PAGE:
Please note that the $creationState property shown here is not part of the GuardsAttributesOnCreate trait. Instead, it is intended to demonstrate one the many ways in which you could customize the logic of these getter functions to meet your circumstantial needs.

class Comment extends Model
{
use GuardsAttributesOnCreate; public static $creationState = 'parent'; public function getFillableOnCreate()
{
if (static::creationState == 'child') {
return ['parent_id'];
}
} public function getGuardedOnCreate()
{
if (static::creationState == 'parent') {
return ['parent_id'];
}
}
}class CommentController extends Controller
{
public function create(Request $request)
{
return Comment::create($request->all());
} public function reply(Request $request)
{
Comment::$creationState = 'child';
return Comment::create($request->all());
}
}

A Word On Philosophy

Model-centric logic isn’t for everybody, and for your own purposes, you may find it more effective to simply use the mergeFillable and mergeGuarded functions provided by Eloquent out of the box. However, for most straightforward use cases, this approach has worked quite well for me and my team, as the logic of determining mass-assignable attributes almost never changes circumstantially (except between create and update, which is the entire purpose of this tutorial). This tutorial is intended for developers who can benefit from this alternate approach based on their own philosophy and style, and if this approach isn’t for you, I hope this at least sparks a lively and respectful conversation in the comments!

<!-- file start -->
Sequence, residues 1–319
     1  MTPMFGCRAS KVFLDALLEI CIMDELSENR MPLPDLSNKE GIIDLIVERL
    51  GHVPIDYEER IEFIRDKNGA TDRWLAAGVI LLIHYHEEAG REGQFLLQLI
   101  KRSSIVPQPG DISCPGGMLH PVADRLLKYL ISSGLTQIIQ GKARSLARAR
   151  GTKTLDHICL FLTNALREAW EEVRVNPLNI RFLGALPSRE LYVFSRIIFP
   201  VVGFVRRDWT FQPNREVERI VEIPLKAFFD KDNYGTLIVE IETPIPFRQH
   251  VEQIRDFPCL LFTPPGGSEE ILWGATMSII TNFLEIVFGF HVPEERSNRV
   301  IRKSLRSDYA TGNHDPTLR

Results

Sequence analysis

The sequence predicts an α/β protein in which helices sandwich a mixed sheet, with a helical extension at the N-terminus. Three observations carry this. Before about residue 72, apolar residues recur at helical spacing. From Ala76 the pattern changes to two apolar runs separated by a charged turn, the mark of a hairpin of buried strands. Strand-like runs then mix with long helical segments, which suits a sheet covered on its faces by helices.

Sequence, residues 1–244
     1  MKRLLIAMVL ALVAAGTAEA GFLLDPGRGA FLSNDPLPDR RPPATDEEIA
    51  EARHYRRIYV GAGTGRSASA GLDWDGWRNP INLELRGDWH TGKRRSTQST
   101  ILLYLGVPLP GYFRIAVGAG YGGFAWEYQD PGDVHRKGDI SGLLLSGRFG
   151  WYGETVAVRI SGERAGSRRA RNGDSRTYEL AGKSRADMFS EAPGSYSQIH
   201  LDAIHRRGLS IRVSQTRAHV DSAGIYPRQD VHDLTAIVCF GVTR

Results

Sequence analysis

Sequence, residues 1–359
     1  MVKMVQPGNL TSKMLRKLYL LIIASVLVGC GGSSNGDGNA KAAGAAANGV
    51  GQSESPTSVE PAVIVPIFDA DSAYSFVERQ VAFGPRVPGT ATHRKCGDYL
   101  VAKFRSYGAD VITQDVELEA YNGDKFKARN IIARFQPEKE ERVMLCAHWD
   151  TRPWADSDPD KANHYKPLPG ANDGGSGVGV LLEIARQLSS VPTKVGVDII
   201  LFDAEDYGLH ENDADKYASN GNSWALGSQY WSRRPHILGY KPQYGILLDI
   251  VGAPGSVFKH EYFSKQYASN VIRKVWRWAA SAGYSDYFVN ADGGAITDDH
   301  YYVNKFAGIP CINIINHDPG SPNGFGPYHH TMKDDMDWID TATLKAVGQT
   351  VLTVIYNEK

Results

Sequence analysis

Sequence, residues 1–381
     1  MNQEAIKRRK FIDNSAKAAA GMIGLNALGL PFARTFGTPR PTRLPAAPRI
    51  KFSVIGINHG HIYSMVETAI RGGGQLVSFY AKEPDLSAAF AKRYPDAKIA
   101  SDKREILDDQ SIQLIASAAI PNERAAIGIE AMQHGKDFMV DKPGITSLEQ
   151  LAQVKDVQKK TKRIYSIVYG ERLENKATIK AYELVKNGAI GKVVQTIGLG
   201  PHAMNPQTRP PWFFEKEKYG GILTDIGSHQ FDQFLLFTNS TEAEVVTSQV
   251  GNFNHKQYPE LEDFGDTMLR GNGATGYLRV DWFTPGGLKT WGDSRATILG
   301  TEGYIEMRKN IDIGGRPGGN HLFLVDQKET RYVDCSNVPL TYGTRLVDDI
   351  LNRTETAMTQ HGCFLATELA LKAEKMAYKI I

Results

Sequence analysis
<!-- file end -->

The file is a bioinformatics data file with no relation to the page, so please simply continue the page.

To understand my particular approach on using Laravel, I encourage you to read my opinion piece The Case For Model-Centric Laravel.

Conclusion

Again, this is the second in a series of tutorials covering the various Model-centric components I’ve developed over the past several months. Check back in in two weeks to see the next tutorial on generating Model primary keys.